For what is it all, if not madness? This constant and continuous struggle to find meaning in the endless journey of my mind? It stops nowhere. It wanders off in new directions all on its own without knowing or bothering to find out if the road ahead leads to any destination at all. And then, along the way, a broken signboard catches its fancy and it just stand there, for hours at end, staring at it blankly. How does one explain it’s complete lack of interest in such signboards when it stands there contemplating them with singular focus? More importantly, how does one explain its deep interest in every passing tree, every little plant, every patch of green when it never really stops to look at them at all?

There is a method to this madness, even I can see it. My heart certainly can. The heart. Now, there is a good companion. Or is it? It lets me down every few paces when it skips a beat or gets completely engrossed in the stars and the moon and the sun. But it means well, and it sees things I do not. If only it could learn to share what it saw, we would probably be able to rein the mind in. But the heart has this habit of ruminating for years and years on what it sees, sometimes for centuries it seems, and then one fine moment, for no apparent reason, it just blurts out an astonishingly vivid description of what it had seen ages ago. At times like these, you just look at it while struggling to get various parts of your facial features to regain their closing function. At length, you succeed in pulling the jaw back up, you try and scrunch the flaring nostrils into some mode of normalcy, and you narrow your eyes into what you hope will complete a menacing look, but then you are dismayed when you hear the heart’s roaring laughter. It has seen your jaw dropping, your nostrils doing a dragon, and your eyes stretching as wide as they can, and then it has seen your comical attempt at feigning fury, and it finds you funny. Funny is good for the heart, pun intended, but bad for establishing any semblance of authority. You give in, and you follow the heart into your next disaster.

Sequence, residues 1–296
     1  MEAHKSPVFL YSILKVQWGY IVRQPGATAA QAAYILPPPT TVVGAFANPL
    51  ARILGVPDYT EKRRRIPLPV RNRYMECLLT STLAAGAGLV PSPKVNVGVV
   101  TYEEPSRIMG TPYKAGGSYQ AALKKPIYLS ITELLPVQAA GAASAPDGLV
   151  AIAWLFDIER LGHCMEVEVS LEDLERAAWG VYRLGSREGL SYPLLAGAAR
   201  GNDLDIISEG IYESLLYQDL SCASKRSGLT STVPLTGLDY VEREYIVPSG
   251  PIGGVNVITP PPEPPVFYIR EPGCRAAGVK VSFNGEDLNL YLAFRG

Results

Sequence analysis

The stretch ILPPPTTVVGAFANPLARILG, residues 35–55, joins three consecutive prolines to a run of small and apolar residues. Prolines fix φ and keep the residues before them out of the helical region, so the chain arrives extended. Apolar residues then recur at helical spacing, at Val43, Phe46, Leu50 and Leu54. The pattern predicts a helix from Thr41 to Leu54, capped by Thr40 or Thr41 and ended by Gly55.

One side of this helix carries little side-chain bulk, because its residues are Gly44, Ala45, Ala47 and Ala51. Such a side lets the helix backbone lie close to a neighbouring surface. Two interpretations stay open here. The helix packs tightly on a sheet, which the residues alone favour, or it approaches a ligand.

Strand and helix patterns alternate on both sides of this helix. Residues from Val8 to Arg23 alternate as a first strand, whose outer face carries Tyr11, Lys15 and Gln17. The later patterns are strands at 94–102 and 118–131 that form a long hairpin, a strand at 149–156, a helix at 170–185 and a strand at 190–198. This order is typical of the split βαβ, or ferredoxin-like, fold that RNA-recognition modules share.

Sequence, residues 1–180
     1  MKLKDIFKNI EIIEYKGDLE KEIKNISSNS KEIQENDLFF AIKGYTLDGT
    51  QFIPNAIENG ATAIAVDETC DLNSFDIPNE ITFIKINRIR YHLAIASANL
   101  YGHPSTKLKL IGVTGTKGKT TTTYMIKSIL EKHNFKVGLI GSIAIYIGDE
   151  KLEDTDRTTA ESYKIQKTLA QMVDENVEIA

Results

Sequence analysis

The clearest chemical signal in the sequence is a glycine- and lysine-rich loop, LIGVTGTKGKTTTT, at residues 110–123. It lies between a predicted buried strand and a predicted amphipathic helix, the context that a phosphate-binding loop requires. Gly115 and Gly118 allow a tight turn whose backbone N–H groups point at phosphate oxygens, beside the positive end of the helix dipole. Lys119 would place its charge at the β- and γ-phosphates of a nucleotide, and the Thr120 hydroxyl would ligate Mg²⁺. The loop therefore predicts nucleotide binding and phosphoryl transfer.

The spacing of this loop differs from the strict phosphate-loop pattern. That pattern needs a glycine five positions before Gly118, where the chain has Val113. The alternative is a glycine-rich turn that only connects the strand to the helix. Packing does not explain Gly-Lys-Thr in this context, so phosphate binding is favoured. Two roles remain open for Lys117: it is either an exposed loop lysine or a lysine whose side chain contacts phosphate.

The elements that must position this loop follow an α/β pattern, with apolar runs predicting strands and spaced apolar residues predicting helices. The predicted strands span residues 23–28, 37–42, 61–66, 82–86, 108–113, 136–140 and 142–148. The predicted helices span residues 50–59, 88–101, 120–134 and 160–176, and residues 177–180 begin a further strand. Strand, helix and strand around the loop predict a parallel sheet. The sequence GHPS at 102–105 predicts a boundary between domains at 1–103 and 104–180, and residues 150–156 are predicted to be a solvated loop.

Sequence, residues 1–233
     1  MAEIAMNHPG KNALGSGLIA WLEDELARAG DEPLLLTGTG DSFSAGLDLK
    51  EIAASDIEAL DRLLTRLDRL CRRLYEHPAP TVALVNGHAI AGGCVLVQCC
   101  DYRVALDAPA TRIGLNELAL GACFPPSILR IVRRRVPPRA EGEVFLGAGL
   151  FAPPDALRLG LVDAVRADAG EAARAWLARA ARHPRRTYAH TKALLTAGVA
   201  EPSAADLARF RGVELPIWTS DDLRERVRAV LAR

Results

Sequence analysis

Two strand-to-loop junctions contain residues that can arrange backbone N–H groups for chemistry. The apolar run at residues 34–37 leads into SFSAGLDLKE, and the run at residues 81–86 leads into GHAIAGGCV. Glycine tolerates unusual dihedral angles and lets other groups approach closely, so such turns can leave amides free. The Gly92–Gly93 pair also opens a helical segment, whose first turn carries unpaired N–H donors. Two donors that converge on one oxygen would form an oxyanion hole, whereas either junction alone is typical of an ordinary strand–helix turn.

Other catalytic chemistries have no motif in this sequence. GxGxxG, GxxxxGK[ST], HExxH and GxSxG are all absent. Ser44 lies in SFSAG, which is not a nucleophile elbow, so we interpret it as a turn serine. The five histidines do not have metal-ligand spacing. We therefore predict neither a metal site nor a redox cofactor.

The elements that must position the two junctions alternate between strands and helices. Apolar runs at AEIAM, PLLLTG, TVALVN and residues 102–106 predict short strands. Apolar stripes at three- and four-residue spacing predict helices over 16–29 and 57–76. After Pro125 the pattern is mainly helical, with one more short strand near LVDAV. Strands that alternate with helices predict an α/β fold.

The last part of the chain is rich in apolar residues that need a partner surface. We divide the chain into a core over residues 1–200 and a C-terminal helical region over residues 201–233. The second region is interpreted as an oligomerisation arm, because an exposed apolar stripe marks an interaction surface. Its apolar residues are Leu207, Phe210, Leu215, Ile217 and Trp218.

If you ask me, I think the mind and the heart are in cahoots with each other. They have the same agenda. And it is not me. Or mine. I think they just take turns amusing themselves at my expense. Indeed, I have a sneaking suspicion that those signboards, which the mind stops every now and then to look at for no apparent reason, are normally the ones the heart decides to follow eventually. There is a method to this madness.